Tuesday22 August 2017

Bibliothèque Alexis de Tocqueville, Caen by OMA

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With its regular glazed facades and cruciform shape, the northern French city’s new library  is surprisingly understated for an OMA project. But as you would expect from the Dutch practice, there are some clever architectural manoeuvres at play – as Ike Ijeh finds out

OMA Caen library

Source: Delfino Sisto Legnani and Marco Cappelletti

The firstfloor reading room is “bookended’ by structural cores, allowing the space to be entirely column-free

The final resting place of invading monarch William the Conqueror might seem like an unusual location for a building determined to dispense with “visual violence”, but this is what OMA’s new library in Caen, northern France sets out to do. Having opened last month, OMA’s new Bibliothèque Alexis de Tocqueville assumes a cruciform plan, similar to a Gothic cathedral or a Greek cross church. But unlike a church, each wing extends for a roughly equal distance and is not generated by liturgical orientation but points in the direction of Caen’s four key urban landmarks.

The first wing, to the west, is set on an axis that points towards the magnificent Romanesque Abbaye aux Hommes, burial place of England’s first Norman king. The northern wing extends towards the equally splendid Abbaye aux Dames, another soaring Romanesque pile perched prominently on one of the highest hills in the city. The remaining two compass points reference new regeneration districts directly to the south and east of the new library, of which the library itself forms one of the earliest developments.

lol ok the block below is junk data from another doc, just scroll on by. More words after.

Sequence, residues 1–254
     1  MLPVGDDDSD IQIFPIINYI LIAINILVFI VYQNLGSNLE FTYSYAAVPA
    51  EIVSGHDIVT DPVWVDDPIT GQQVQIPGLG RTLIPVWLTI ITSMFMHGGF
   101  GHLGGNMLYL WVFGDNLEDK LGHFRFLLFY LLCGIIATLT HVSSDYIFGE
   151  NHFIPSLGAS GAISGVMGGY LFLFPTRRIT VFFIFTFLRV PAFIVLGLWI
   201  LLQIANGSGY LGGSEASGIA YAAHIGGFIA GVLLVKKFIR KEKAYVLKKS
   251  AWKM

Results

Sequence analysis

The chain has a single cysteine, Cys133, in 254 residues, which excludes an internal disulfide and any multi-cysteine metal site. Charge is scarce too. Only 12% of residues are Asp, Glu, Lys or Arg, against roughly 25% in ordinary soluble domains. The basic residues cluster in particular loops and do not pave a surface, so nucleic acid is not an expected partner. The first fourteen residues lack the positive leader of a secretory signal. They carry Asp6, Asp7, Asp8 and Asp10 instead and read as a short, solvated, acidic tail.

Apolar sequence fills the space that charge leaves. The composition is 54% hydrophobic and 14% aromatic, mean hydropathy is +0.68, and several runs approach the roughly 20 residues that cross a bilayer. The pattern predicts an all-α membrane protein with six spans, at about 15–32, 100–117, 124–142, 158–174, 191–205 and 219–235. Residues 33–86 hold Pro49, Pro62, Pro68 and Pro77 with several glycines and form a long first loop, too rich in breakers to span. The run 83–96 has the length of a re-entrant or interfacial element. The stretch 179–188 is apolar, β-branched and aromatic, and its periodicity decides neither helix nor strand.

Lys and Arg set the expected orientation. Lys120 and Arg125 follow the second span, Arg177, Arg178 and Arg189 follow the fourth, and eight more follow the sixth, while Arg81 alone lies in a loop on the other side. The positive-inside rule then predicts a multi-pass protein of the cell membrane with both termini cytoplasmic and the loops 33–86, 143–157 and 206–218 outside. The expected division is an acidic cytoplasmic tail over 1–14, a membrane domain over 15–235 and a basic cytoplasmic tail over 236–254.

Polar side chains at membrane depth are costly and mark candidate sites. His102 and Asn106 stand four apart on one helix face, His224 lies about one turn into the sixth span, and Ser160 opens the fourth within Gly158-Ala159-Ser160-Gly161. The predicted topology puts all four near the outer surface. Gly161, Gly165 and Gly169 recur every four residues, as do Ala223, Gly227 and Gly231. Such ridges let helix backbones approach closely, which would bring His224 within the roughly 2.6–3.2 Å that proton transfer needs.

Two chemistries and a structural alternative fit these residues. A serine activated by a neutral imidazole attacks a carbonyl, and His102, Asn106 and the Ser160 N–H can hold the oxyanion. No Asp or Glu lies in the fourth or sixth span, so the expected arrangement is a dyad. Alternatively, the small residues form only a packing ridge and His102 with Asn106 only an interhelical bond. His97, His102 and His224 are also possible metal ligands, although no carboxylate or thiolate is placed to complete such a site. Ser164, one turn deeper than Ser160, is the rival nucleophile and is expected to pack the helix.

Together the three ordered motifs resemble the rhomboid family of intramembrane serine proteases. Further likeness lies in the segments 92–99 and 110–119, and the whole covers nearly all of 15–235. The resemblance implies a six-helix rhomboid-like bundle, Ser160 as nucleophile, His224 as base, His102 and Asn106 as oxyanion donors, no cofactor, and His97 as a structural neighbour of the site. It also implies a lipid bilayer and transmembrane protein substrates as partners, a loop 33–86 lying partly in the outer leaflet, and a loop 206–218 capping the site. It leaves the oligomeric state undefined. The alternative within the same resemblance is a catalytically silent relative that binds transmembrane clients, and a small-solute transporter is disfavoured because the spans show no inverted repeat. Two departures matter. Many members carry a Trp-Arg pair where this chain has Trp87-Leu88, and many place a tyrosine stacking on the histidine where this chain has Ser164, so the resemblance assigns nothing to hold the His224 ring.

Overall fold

OMA Caen library

Source: Philippe Ruault

The library occupies a prominent canalside site at the entrance point of the MVRDV masterplan

It is not just the building’s geographically configured layout that is noteworthy, but also the relative simplicity and restraint of its form and facades, certainly in comparison with some of OMA’s more famously avant-garde designs. Moreover, this is not the first time in recent memory where OMA has opted for the less outlandish approach. Both its New Court headquarters for bank Rothschild & Co in the City of London and its Holland Green luxury flats development in Kensington seem to revel in the more measured, almost passive restraint that is evident at Caen. Is the formidable agent provocateur of contemporary architecture undergoing a more sober change of direction? Well, this is just one of many of the secrets and contradictions that this compact new library holds within its walls.

The cross

The Bibliothèque Alexis de Tocqueville sits some distance from Caen’s historic quarter on a prominent spot beside Caen’s extensive canal network, which itself eventually leads to the sea. Although it is sited squarely in the middle of a large open canalside plaza, it is overlooked by a series of new commercial, residential and retail developments and marks the starting block of a vast masterplan site for the city designed by rival Dutch practice MVRDV.

OMA won the competition for the library by beating Bibliothèque Nationale de France designer Dominque Perrault and two other French firms. “We were the only ones who came up with the cross form,” says OMA partner Chris van Duijn proudly, “and by setting it on an axis that points to these key landmarks it enables the building to make a new link to its historical context.”